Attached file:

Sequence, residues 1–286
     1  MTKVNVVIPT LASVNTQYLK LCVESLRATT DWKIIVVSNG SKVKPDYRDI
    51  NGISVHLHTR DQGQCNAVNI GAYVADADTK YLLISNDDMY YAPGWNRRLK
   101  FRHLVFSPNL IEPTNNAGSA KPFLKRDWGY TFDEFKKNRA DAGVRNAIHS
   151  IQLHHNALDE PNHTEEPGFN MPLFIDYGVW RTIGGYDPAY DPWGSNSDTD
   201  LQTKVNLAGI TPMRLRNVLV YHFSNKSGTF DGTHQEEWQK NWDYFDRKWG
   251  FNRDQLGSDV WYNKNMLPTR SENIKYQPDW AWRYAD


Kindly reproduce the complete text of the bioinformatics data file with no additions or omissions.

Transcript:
Sequence, residues 1–286
     1  MTKVNVVIPT LASVNTQYLK LCVESLRATT DWKIIVVSNG SKVKPDYRDI
    51  NGISVHLHTR DQGQCNAVNI GAYVADADTK YLLISNDDMY YAPGWNRRLK
   101  FRHLVFSPNL IEPTNNAGSA KPFLKRDWGY TFDEFKKNRA DAGVRNAIHS
   151  IQLHHNALDE PNHTEEPGFN MPLFIDYGVW RTIGGYDPAY DPWGSNSDTD
   201  LQTKVNLAGI TPMRLRNVLV YHFSNKSGTF DGTHQEEWQK NWDYFDRKWG
   251  FNRDQLGSDV WYNKNMLPTR SENIKYQPDW AWRYAD